I've beat the heck out of it, I'd love to get a "real" floorstanding drill press, but can't justify the expense as a long as I can get by with this thing.
I think I need a power tool "hit man".
Mike
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On Tue, 06 Jan 2004 19:05:37 -0500, Mike Patterson

Advertise it for sale in the newspaper and once it's sold, you'll have ample reason to go buy a new one.
======================================================== The Titanic. The Hindenburg. + http://www.diversify.com The Clintons. + Website & Graphic Design ========================================================
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On Wed, 07 Jan 2004 03:30:23 GMT, Larry Jaques

Now see? That's why I hang around here, so smart fellas like you can hit me with a clue stick once in a while... thanks.
That's just what I'll do. Mike
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This is how I got my unisaw, wife said, well sell the old one. I had a new unisaw a month later, got 200 for my old one. I would have given the old ts away but I needed to tell her I got somehting for it!
Mike Patterson wrote:

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snipped-for-privacy@earthlink.net says...

early 50's, complete with case, and replacement blades. It still works perfectly except for the weight and the single-almost-insulation of an old 3-prong cord. The other is a well-worn "pad" sander, also Craftsamn I think, same vintage.
Then there's the hand tools, dovetail jig, and best of all- a copy of Machinerys Handbook from 1949, one of his college texts, tucked into his toolchest.
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rllipham wrote:

I have a total POS B&D 1/3 sheet orbital sander. The kind with the fiber pad on the bottom. (Notice I said "orbital." It's not a ROS.)
I can't begin to relate the number of times I've attempted to kill this thing. The pad is rounded over and gouged, the clamps are bent, the orange rubber switch cover is dry rotted... It's a complete POS, but it will not die.
The first power tool I ever bought, now that I think about it. It's original purpose in life was shaping Bondo fenders.
--
Michael McIntyre ---- Silvan < snipped-for-privacy@users.sourceforge.net>
Linux fanatic, and certified Geek; registered Linux user #243621
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Silvan wrote:

Can it swim? <eg> Maybe a dead goldfish detector?
-- Mark
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Mark Jerde wrote:

Heh, if the goldfish aren't dead, they will be after I detect'em. :)
(Incidentally, at least one of the goldfish is still alive after all that Oxy-Clean. The water has been flushed twice, but it's still sudsy. The lone fish comes to the surface once in awhile. Maybe s/he has kin hiding below.)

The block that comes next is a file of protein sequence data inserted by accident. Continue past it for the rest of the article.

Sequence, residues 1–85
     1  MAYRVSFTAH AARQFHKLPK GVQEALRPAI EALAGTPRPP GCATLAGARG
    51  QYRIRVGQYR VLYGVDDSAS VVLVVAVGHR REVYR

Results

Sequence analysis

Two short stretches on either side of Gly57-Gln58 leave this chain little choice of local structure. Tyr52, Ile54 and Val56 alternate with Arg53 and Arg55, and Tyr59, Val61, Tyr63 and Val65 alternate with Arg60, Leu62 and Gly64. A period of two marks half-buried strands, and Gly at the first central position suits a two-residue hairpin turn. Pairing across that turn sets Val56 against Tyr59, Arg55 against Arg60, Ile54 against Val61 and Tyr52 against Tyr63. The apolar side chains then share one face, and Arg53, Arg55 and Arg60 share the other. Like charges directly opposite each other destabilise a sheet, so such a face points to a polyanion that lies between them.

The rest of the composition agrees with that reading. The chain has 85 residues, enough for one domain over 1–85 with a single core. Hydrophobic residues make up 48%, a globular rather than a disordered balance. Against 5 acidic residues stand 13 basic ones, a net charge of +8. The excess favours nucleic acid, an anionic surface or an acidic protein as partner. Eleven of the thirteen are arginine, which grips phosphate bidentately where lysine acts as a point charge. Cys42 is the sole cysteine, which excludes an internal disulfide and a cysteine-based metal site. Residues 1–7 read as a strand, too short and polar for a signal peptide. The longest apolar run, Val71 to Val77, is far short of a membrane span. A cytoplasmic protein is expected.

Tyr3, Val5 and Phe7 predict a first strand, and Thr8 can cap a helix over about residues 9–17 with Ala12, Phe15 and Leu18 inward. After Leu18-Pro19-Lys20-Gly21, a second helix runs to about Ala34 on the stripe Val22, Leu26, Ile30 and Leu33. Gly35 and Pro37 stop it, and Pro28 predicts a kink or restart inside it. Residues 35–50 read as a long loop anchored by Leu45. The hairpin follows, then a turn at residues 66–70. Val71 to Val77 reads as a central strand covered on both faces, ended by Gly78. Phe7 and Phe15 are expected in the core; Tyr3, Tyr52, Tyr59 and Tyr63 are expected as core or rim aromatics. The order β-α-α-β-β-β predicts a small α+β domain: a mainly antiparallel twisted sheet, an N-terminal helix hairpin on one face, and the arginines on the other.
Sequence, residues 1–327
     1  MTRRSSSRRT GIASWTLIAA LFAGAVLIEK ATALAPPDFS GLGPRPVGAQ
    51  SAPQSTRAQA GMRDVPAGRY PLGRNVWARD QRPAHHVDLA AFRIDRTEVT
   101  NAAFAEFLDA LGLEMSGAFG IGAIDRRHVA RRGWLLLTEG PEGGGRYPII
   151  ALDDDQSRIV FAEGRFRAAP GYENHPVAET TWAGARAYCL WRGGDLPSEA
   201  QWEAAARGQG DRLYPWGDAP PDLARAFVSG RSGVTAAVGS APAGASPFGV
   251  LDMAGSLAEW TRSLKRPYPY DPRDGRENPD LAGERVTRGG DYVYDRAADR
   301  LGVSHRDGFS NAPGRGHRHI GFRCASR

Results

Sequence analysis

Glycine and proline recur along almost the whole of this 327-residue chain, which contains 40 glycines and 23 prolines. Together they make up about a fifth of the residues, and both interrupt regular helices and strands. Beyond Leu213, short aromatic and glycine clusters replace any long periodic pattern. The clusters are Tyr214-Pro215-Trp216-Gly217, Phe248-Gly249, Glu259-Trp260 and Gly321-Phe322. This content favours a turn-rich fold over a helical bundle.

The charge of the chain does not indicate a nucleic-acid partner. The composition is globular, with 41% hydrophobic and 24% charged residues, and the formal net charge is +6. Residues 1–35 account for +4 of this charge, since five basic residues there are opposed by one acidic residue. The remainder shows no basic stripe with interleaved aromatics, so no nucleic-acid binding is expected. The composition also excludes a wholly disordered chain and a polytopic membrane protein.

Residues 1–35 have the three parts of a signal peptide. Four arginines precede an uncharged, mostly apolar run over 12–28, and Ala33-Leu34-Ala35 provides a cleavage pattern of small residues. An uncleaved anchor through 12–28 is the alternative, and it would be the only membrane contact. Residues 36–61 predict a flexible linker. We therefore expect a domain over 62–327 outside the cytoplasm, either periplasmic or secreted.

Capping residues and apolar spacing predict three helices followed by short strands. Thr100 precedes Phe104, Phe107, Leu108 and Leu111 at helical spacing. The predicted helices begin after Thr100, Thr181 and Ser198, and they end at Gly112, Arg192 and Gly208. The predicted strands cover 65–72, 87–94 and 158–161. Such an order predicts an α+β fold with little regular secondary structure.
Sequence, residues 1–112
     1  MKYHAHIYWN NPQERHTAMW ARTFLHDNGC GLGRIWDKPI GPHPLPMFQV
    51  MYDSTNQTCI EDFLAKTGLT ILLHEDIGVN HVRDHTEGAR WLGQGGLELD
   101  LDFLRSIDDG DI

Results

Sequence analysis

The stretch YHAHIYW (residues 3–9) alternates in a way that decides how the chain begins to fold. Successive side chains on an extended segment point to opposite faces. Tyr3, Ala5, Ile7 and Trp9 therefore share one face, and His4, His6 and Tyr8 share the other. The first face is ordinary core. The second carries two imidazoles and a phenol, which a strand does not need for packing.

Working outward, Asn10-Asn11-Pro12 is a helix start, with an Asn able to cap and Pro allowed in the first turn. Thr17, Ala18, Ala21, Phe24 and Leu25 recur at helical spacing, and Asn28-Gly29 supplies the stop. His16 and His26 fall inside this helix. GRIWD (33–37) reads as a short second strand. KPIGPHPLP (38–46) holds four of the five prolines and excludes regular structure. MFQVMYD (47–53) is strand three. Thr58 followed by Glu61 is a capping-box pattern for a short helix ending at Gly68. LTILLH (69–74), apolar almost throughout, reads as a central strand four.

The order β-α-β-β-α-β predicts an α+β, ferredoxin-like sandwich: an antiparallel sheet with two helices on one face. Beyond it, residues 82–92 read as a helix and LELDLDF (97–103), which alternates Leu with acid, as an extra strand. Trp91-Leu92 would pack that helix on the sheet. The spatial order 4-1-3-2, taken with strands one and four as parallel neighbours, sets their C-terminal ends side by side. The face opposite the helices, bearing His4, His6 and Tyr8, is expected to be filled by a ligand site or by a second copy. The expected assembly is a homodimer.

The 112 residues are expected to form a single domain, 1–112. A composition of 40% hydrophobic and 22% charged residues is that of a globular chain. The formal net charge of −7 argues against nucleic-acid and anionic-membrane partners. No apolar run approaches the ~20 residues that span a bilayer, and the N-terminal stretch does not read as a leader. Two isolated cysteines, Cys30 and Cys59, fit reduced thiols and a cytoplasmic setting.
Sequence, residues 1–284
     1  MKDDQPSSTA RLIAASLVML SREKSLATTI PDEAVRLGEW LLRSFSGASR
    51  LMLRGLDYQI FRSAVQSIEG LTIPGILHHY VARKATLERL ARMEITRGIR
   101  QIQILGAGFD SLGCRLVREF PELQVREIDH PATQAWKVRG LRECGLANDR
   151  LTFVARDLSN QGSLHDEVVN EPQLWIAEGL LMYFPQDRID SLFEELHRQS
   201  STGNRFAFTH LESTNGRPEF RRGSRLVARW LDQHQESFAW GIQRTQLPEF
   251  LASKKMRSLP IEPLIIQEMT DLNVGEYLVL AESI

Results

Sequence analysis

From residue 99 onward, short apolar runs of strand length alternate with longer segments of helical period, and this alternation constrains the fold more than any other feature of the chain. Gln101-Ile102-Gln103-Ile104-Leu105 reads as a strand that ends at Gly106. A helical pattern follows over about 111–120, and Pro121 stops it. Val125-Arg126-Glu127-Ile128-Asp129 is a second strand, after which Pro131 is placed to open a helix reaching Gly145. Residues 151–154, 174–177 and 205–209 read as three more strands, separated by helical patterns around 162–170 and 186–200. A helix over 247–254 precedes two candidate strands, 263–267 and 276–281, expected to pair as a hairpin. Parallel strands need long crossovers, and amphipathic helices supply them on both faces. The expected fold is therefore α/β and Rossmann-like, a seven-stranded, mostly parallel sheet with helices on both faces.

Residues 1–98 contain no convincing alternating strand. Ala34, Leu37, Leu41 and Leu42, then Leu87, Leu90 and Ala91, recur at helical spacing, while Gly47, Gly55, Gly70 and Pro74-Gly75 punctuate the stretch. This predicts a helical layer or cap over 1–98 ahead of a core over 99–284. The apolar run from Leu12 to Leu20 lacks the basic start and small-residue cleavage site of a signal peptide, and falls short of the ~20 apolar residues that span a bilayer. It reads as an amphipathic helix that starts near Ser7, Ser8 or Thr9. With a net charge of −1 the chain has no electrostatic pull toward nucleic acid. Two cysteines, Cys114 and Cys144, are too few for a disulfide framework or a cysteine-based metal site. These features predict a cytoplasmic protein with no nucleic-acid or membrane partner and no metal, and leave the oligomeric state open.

--
Michael McIntyre ---- Silvan < snipped-for-privacy@users.sourceforge.net>
Linux fanatic, and certified Geek; registered Linux user #243621
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rllipham wrote...

Despite my best efforts to kill it, an old POS B&D router of mine still turns on every time the trigger is squeezed. I regret it just about every time, too. I think it has a Craftsman-clone "depth randomizer" collet -- you know, the kind that encourages the bit to climb out of the collet and ever deeper into the work as you go. My wife keeps telling me to sell it, but I have too much respect for my fellow man.
Jim
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Makita 3/8'' reverseable drill.I used it commercially for 10 years put in a million screws had the cord broken many times over. It's now over 25 years old and won't die,still on the same brushes, contemplating on having a keyless chuck installed in it

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wrote:

I have an old 1/2 " Skil three-prong drill that I inherited from my old man. It's never had the third prong in my living memory, and it has been abused. I used it for disc-sanding bondo on a '68 Mustang back in the mid-seventies -- the car was mostly bondo.
Several years back I had the mortar-mixing attachment chucked in it while preparing thin-set for a bathroom floor. I accidental-like hit the "hold" button, the mixer hit a big dry lump, wrenched the tool from my grip (nearly spraining a wrist), and hit high speed, twirling itself around until the cord wrapped itself so tight it unplugged itself -- leaving some nice black rubber marks on a newly plastered wall. I threw out the mix, split the ice bucket 50-50 between my wrist and a bottle of Bushmills, and hit the easy chair.
I'd like to kill that dril, but it's still going.
tt